Israel–Nigeria relations

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Israel–Nigeria relations
Map indicating locations of Israel and Nigeria

Israel

Nigeria

Israel–Nigeria relations refers to the bilateral diplomatic, cultural and economic relations between Israel and Nigeria. The Nigerian ambassador to Israel is David Oladipo Obasa.[1]

History[edit]

Israeli Minister of Commerce and Industry Pinhas Sapir and Nigerian Minister of Commerce, JU Nwodo, 1959

Israel and Nigeria established diplomatic relations in 1960.[2]

During the 1960s and early 1970s, Israel played a significant role in the development of Sub-Saharan Africa, including Nigeria. Hundreds of Israeli experts and volunteers were sent to help in the development and modernization of agriculture, education, medicine and technology training, and hundreds of Nigerian farmers, experts, educators, academicians, students, doctors, community workers and engineers were trained in Israel.

After the Yom Kippur War in 1973, Nigeria severed diplomatic ties with Israel. Diplomatic relations were restored in September 1992. Since April 1993, Israel has maintained an embassy in Abuja and Nigeria has an embassy in Tel Aviv.[2] Over fifty Israeli companies operate in Nigeria in the spheres of construction, infrastructure, hi-tech, communications and IT, agriculture and water management. Trade and commerce are promoted by the Israeli Export and International Cooperation Institute, the Nigerian-Israeli Chamber of Commerce (NICC) and the Israel-Africa Chamber of Commerce.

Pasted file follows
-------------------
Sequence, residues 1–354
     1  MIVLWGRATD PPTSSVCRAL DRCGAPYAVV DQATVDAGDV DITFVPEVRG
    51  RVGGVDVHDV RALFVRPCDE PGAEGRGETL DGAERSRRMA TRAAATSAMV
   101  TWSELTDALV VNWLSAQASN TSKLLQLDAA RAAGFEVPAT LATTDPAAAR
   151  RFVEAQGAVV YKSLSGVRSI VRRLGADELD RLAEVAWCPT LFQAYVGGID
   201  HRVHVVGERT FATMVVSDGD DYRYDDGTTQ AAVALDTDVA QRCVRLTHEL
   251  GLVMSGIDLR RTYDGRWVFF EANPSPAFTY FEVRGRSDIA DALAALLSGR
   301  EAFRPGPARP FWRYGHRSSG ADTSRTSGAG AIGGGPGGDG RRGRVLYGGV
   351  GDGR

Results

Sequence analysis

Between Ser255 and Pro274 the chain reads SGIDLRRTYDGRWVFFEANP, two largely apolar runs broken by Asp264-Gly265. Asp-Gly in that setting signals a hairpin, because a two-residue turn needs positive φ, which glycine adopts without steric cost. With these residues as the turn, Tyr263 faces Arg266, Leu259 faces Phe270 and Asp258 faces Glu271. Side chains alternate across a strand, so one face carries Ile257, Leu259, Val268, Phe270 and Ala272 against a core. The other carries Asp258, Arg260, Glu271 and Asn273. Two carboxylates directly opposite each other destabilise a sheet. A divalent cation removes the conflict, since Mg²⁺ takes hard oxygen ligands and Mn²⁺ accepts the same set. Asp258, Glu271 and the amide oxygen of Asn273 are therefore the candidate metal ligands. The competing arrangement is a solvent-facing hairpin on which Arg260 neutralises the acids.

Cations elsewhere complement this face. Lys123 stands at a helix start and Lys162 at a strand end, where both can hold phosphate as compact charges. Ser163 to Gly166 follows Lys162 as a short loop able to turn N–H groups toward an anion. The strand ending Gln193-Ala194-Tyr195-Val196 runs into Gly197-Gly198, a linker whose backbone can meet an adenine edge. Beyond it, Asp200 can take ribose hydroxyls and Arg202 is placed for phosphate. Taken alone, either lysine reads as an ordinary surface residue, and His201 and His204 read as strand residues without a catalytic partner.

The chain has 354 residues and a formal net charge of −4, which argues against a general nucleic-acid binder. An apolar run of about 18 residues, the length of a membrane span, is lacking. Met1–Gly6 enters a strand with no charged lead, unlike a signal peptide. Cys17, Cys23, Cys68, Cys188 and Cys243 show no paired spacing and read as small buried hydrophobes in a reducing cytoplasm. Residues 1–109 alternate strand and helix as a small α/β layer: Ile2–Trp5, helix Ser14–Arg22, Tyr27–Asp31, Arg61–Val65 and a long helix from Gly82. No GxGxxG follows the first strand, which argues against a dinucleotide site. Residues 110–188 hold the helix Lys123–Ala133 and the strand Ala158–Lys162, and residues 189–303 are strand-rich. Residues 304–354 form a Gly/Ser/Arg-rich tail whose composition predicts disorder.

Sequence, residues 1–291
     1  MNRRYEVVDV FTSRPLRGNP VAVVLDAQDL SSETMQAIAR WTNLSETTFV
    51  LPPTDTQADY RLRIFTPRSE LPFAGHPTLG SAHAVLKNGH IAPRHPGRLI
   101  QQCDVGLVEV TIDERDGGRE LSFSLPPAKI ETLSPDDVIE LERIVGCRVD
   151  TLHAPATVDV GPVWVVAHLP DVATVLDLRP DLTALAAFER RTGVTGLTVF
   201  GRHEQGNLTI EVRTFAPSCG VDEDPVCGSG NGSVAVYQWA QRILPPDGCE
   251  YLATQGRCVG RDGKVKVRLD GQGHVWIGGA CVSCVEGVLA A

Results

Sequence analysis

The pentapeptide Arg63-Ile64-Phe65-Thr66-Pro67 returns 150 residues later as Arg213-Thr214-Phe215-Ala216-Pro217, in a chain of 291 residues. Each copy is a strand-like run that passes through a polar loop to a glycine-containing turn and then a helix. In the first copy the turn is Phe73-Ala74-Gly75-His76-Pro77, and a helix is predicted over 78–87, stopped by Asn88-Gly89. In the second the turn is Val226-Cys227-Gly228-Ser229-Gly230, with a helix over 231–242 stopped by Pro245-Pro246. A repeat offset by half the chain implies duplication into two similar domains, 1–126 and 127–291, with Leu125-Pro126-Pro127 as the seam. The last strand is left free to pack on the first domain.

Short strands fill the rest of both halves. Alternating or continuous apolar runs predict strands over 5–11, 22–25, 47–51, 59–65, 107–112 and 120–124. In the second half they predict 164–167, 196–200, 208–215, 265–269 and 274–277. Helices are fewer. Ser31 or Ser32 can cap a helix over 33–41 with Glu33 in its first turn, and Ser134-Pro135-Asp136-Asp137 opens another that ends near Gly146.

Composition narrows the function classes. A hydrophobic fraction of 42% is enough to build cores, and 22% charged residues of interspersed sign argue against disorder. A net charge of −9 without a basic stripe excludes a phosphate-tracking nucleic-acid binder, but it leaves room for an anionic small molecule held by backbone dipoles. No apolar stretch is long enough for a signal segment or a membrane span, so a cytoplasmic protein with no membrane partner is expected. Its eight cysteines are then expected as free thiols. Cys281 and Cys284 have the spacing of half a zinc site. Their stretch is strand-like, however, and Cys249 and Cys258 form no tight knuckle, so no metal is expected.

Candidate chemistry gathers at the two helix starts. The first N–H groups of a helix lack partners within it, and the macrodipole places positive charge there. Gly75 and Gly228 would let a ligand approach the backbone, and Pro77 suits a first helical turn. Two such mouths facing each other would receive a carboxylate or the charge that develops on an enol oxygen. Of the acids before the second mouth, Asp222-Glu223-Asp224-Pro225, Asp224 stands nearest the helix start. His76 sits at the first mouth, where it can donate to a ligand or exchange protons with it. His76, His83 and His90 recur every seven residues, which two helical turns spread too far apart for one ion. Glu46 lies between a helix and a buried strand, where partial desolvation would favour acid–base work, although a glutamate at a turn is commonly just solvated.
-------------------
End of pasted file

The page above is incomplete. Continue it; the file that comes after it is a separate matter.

In 2006, a Nigerian-Israeli Business Forum was inaugurated in Abuja. That year, the Ministries of Foreign Affairs of both countries signed a Memorandum of Understanding (MOU) in which Israel and Nigeria agreed to consult on issues of bilateral relations and other regional and international issues of mutual interest. The first round of consultations took place in Jerusalem in November 2006.[3]

In 2013, President Goodluck Jonathan became the first Nigerian President to visit the State of Israel. He had gone on a pilgrimage and signed bilateral air service agreements with Prime Minister Benjamin Netanyahu. [4]

According to the Nigerian ambassador to Israel, Solel Boneh, an Israeli construction company, is a household word in parts of Nigeria.[1]

In June 2014 during the kidnapping of Israeli teens, before they were found murdered, Nigeria's President Goodluck Jonathan wrote to Israel's Netanyahu: "... I assure you that we are in solidarity with you, as we believe that any act of terrorism against any nation or group is an act against our common humanity. We unequivocally condemn this dastardly act, and demand that the children are released unconditionally by their abductors."[5]

See also[edit]

References[edit]

External links[edit]